Integration of transportation modeling and GIS software takes many forms. (Nyerges 1990b; Nyerges 1992a) One extreme approach is off-fine, separate databases (data structures), where data is transferred between a modeling package and a GIS. The other extreme approach is total integration of modeling and GIS databases (data structures). Another system could have separate data structures, but an on-fine transfer of data. This latter approach is the most common one in reaching effective solutions with minimum effort Transportation modeling and GIS software together provide a depth of analysis that only sophisticated transportation modeling software can provide and the breadth of data management, manipulation, and display that GIS can provide. 

A GIS can be used for several transportation planring applications that involve integrating data sets from several sources. Manipulation c f these data to geographical distribution information has not been available before becau e of a lack of both analytical synthesis in software packages and of cartographical displays that effectively depict spatial distributions. (Nyerges and Dueker 1988) The context of growth management transportation planning, in which the goal is to develop an explicit lirkage between land use and transportation systems, begs for the capabilities of a GIS approach.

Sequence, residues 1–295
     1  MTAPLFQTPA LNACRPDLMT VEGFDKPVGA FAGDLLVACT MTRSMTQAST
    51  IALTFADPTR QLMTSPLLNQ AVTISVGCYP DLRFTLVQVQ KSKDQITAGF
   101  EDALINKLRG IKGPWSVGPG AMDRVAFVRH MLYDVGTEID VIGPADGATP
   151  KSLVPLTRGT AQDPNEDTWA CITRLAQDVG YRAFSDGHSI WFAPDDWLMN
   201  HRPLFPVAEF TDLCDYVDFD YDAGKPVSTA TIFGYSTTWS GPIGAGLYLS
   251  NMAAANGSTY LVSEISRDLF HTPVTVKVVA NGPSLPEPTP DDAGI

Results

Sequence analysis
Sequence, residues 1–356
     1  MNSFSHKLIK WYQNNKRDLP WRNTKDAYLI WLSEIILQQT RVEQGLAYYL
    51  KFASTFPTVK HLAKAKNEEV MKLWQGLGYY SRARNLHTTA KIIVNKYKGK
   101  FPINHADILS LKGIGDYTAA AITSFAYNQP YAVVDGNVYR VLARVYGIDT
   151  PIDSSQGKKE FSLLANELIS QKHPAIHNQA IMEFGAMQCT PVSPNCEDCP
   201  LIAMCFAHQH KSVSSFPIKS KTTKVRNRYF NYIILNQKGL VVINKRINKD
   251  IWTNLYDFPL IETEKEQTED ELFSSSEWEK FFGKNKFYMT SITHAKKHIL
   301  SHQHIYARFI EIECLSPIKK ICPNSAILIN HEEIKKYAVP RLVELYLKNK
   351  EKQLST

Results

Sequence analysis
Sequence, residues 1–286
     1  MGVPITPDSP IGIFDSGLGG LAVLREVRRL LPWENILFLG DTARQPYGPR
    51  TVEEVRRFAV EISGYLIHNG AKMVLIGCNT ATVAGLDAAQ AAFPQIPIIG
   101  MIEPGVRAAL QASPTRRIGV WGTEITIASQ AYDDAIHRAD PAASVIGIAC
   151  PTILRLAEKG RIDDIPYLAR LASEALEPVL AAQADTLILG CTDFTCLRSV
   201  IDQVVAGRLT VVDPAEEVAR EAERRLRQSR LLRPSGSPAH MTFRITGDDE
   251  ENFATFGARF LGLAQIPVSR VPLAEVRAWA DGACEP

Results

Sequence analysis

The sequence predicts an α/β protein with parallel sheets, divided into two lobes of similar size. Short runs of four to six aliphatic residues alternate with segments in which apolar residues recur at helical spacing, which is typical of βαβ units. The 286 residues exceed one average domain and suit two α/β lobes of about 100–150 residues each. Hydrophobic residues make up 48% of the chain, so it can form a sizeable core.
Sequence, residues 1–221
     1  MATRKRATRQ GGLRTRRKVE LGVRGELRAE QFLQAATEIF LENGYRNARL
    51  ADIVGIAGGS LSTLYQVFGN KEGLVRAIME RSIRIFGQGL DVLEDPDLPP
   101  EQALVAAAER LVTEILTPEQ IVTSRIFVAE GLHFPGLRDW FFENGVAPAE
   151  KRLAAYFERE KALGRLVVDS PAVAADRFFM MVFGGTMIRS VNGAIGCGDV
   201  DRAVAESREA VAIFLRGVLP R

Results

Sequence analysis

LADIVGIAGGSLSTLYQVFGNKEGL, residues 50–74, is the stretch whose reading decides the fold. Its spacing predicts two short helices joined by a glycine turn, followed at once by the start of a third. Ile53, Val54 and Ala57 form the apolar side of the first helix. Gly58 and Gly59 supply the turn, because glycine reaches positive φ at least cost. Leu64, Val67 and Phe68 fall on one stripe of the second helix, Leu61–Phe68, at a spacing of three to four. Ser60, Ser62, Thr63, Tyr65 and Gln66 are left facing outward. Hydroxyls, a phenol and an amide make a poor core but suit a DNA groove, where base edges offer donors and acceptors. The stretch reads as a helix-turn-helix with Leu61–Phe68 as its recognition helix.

PROCEDURES

This section reviews the approaches and results from tvo 1-day workshops designed and implemented by the project team. The workshop participants represented a broad crosssection of organizations responsible for the development of regional transportation plans. Representatives from federal, state, and regional government Eigencies that are linked to the planning process via their supporting roles as data provilers also participated in the workshop.
 

WORKSHOP 1 INFORMATION NEEDS

The purpose of the first workshop was to begin the process of identifying the issues associated with implementing transportation planning under growth management. A graphic outline of the workshop process displays an overview of the process (see Figure 1). The work sessions identified in the figure are described in this section.

Individual Listing of Issues